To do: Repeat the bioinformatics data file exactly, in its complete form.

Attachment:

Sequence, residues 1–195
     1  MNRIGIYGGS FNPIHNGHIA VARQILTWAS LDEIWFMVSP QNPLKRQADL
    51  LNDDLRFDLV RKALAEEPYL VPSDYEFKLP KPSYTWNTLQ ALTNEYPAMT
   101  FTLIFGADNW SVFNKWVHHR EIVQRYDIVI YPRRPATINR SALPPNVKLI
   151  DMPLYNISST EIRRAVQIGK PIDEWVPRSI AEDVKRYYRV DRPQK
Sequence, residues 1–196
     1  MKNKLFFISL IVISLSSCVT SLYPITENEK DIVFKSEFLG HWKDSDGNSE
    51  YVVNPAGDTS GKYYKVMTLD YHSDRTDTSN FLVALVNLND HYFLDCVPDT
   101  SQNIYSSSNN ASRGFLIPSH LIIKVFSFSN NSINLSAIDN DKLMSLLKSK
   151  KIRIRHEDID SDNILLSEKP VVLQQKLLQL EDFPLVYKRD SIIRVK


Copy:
Sequence, residues 1–195
     1  MNRIGIYGGS FNPIHNGHIA VARQILTWAS LDEIWFMVSP QNPLKRQADL
    51  LNDDLRFDLV RKALAEEPYL VPSDYEFKLP KPSYTWNTLQ ALTNEYPAMT
   101  FTLIFGADNW SVFNKWVHHR EIVQRYDIVI YPRRPATINR SALPPNVKLI
   151  DMPLYNISST EIRRAVQIGK PIDEWVPRSI AEDVKRYYRV DRPQK
Sequence, residues 1–196
     1  MKNKLFFISL IVISLSSCVT SLYPITENEK DIVFKSEFLG HWKDSDGNSE
    51  YVVNPAGDTS GKYYKVMTLD YHSDRTDTSN FLVALVNLND HYFLDCVPDT
   101  SQNIYSSSNN ASRGFLIPSH LIIKVFSFSN NSINLSAIDN DKLMSLLKSK
   151  KIRIRHEDID SDNILLSEKP VVLQQKLLQL EDFPLVYKRD SIIRVK